Gaining expertise and skills from outside the company is one way of obtaining the necessary access to new markets or innovative technology. INDUS specifically supports its portfolio companies in acquiring sub-subsidiaries.

Markets undergo constant change – and this is happening faster than ever before. Companies that want to remain successful over the long term have to keep reinventing themselves and positioning themselves for the future. Acquiring innovative companies can be key to achieving this.

But what do these acquisitions look like in practice? What are the reasons for acquiring add-ons? And how can a successful overarching strategy be developed? Here are two examples from the INDUS Group.


If you want to expand your product portfolio in a targeted way, taking over a successful a company in the same market can be the fastest and most promising option. This is what HORNGROUP, a global supplier of refueling technology and workshop solutions, decided to do. The company acquired FLACO, a fluid management specialist, in July 2021.

During the acquisition process it was clear to see that the companies’ experience on the same markets meant they had a strong mutual understand ing. Most of the sectors they operate in complement one another, so the two companies have the expertise to help one another in facing the challenges to come in the future.

“By tapping into the growth potential offered to us by general liquid management, which in the future will focus even more on industrial applications, we are well placed as partners and looking to mutually drive momentum when it comes to innovation,” says Jörg F. Mayer, managing director of HORNGROUP.

Back in 2011, HORN TECALEMIT, now HORNGROUP, expanded with the acquisition of the British company PCL, a tire filling technology specialist. With this acquisition the company gained experience of how such moves can be exploited profitably for all involved. “With TECALEMIT, PCL and FLACO we have united three strong international brands,” says Mayer. “Brands that we will continue to develop with the help of INDUS.”


OFA Bamberg, a manufacturer of surgical stockings, bandages and orthotic devices, strengthened its position with the acquisition of Dutch company NEA in 2015.

“At the time of the acquisition, we were particularly impressed by NEA’s innovative R&D work,” explains Rainer Kliewe, managing director of the OFA Group and already in an executive position at OFA Bamberg at the time. “NEA was and still is incredibly good at development processes – from material selection to 3D-print prototypes. OFA’s primary expertise lay in the development and production of medical knitted products. Forming a partnership to benefit from the technological knowledge and the special development skills of the new subsidiary was an obvious choice.”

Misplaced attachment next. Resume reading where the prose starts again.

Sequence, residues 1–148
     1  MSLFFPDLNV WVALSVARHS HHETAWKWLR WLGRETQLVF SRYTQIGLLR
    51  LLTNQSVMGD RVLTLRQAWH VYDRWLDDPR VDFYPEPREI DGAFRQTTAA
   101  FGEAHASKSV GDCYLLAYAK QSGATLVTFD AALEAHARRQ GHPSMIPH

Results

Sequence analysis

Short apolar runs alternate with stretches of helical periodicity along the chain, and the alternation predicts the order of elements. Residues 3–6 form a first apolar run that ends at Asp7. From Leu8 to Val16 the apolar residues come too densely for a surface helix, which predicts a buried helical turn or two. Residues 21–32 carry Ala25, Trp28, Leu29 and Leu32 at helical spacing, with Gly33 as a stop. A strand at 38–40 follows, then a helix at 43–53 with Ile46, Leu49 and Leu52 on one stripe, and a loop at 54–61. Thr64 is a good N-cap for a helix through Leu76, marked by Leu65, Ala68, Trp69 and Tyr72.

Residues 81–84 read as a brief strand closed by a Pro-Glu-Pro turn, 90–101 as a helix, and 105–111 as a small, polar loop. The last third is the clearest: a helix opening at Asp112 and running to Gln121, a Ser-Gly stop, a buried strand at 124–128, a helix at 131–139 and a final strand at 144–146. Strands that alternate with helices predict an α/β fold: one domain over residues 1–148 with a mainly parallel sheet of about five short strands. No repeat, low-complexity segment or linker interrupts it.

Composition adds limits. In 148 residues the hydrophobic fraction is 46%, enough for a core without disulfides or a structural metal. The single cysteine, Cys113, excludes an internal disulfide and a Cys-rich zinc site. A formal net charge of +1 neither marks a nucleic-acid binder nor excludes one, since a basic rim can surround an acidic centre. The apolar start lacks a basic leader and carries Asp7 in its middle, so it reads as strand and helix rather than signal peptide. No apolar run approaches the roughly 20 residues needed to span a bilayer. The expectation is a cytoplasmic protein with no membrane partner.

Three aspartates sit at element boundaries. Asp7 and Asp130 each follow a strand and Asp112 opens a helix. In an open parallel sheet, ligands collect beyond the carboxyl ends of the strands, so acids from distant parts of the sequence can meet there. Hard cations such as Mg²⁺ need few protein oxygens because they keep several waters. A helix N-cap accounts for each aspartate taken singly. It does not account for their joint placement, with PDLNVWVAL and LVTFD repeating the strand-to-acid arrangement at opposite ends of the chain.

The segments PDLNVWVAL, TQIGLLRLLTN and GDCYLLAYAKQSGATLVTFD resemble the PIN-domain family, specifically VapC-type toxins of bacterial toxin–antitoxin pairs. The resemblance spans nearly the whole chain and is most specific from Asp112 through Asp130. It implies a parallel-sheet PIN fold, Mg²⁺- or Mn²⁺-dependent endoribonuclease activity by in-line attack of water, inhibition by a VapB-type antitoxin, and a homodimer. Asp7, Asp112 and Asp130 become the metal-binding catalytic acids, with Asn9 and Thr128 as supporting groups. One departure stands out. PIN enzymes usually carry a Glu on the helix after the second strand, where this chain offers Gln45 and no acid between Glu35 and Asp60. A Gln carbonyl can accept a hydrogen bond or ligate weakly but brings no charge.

The company also increased its international focus. NEA was able to expand OFA’s core market of German-speaking countries with good access to the American and Asian markets. The strategy worked: “We particularly benefited from the broad export focus and diversification efforts during the pandemic,” explains Kliewe. “While the German market was still struggling with the coronavirus, business in other parts of the world was already getting back on track.”

And have you managed to build up a common corporate culture? NEA has been a supplier to the Franconian premium-segment company since the 80s. So, in 2015, the companies were able to build on a well-established business relationship and mutual trust. Nevertheless, it still took a while for the two companies to develop a sense of being one group. Rainer Kliewe: “We wanted to preserve the Dutch business culture, and specifically the NEA culture. It proved very successful after all. A traditional integration process would not have aligned with INDUS’ decentralized management style.”

“It was still important to link up our processes, however, to prevent two solid companies from just working side-by-side rather than as one,” adds Kliewe. “This is an ongoing effort. We don’t just want our individual efforts to be successful, but rather to work as a single product, as it were.” Serious efforts are currently underway to drive the interconnection of orthopedics. With Push, the OFA Group owns a strong brand that the entire orthopedics segment can benefit from.